I’m one of the best binge watchers on the planet so this weekend I knocked out the 10ish hours of Netflix’s new Mindhunter in roughly 10 and a half hours. I know, I know the bathroom breaks were the act of a weak man. Nonetheless, I very much enjoyed it and give Mindhunter the prestigious Feitelberg Streaming Television Program Grade of a B, but I won’t kick anyone out of bed if they didn’t like it (there are shows I would kick a woman out of bed for disliking, I’m ashamed to admit). In fact I’d do something I rarely do in this life, I’d understand.
While the show opens up with an intense standoff that ends in a gruesome suicide, that’s pretty much all the action you’ll get for the next ten hours. There’s no storyline where they must figure out then find killer to save his most recent captor’s life, a la Criminal Minds. There are no murders that you bear witness too, you’ll occasionally catch a glimpse of a gruesome picture but never are you party to the act itself. What you will get is a look inside the mind of how both serial killers are created, and how the FBI’s BAU was as well.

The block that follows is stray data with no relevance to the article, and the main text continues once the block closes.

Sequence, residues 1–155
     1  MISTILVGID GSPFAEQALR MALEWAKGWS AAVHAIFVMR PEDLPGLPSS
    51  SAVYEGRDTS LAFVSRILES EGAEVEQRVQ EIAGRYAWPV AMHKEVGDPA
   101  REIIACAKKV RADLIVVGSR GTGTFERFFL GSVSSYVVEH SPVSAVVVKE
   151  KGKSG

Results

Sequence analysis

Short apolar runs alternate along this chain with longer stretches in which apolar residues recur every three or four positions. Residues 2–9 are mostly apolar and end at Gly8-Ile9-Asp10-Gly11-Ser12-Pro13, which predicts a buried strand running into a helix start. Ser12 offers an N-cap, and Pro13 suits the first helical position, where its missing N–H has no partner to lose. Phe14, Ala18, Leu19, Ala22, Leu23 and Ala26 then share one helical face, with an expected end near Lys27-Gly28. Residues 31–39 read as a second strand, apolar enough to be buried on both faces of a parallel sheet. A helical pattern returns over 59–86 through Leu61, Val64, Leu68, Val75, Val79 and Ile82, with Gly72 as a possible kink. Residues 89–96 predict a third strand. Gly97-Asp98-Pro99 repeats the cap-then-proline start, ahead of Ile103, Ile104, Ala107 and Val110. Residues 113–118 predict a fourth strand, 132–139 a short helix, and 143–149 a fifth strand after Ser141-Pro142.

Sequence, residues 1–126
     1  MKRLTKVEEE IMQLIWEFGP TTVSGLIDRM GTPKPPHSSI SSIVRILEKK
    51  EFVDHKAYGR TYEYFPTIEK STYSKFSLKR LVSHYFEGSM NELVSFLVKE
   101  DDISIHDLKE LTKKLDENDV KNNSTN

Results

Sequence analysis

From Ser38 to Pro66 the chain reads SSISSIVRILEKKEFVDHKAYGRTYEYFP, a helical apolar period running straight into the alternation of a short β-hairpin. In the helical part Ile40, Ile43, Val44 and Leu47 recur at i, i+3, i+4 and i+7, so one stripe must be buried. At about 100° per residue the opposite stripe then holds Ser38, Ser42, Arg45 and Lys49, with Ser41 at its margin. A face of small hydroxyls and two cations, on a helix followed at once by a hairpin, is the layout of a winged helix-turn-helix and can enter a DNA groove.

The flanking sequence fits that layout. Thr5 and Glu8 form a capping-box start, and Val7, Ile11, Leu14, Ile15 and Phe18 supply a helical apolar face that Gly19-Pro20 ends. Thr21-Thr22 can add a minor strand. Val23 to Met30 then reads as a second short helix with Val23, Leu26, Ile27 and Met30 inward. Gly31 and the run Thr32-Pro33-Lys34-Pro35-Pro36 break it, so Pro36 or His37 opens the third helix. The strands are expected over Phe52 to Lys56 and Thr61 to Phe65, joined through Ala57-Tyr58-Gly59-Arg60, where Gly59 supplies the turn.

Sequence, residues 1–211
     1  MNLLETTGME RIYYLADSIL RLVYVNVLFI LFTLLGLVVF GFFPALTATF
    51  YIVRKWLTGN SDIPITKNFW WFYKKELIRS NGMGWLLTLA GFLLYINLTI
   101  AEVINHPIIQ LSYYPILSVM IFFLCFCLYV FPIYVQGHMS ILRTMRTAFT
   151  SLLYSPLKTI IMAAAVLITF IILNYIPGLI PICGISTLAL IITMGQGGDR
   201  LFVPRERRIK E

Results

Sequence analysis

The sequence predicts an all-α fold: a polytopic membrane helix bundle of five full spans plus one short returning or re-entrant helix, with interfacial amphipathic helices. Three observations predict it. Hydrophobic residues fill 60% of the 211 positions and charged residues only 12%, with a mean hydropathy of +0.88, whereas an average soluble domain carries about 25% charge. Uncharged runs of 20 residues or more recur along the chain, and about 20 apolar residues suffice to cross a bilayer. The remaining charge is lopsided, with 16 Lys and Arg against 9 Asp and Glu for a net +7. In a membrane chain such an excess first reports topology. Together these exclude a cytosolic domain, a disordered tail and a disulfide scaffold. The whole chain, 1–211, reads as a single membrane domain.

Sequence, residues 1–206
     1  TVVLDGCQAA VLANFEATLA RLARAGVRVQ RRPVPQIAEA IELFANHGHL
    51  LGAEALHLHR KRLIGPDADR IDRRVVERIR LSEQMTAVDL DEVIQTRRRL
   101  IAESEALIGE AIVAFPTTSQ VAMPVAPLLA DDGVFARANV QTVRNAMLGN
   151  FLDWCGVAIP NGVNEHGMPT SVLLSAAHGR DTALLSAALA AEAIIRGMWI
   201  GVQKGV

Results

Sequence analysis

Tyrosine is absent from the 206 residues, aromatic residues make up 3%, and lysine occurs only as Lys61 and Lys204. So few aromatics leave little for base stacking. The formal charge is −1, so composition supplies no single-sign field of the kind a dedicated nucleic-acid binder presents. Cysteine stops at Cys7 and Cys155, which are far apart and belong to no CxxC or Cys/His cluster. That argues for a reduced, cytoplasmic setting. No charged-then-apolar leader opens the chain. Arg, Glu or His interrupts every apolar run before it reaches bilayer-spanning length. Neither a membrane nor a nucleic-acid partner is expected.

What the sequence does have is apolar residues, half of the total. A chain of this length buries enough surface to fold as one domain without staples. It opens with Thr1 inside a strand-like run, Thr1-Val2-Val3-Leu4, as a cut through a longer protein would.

Want the ghastly details of how the “Co Ed Killer” came to be? What made him into the man he was, the one who killed his mom then beheaded her and had sex with her face? The one who killed ten other college girls and had sex with their bodies as well? Cameron Britton will deliver you an unreal performance as Ed Kemper. Jerry Brudos, a serial killer of four women, is another necrophiliac and if you’re interested in seeing a guy jerk off into a stiletto then boy has he got a scene for you.
But that’s what the show is. It’s discussions and interaction with serial killers, not serial killings. At times it moves ploddingly but as a program about science that’s to be expected. Science and psychology move slow, they’re not immediate revelations. Changing minds and fighting through the red tape and bureaucracy of the FBI is an assignment that can move at a glacial pace and the show can represent that at times. There are some very intense and captivating scenes, particularly when Holden and Bill are using their newly devised tactics and understanding to coerce confessions from brutal killers. But that’s as “thriller-y” as the show will get.
At one point Bill Tench, one of the behavioral scientists who started the BAU (not his real name), pitches the new idea to his director as “how are we supposed to catch crazy if we don’t understand it” and that’s kinda the perfect way to describe the show. If you want to see crazy studied, this is up your alley, if you want to see crazy in action, try the Kardashians.
PS – I do love the way they set up s2 throughout the entirety of s1. There are man brief clips of Dennis Rader becoming the BTK Killer but never any actual killings. I’ve never really seen a coming season play a part as a background storyline throughout a different season like this, thought that was a pretty interesting twist rather than the classic shock moment right before credits roll.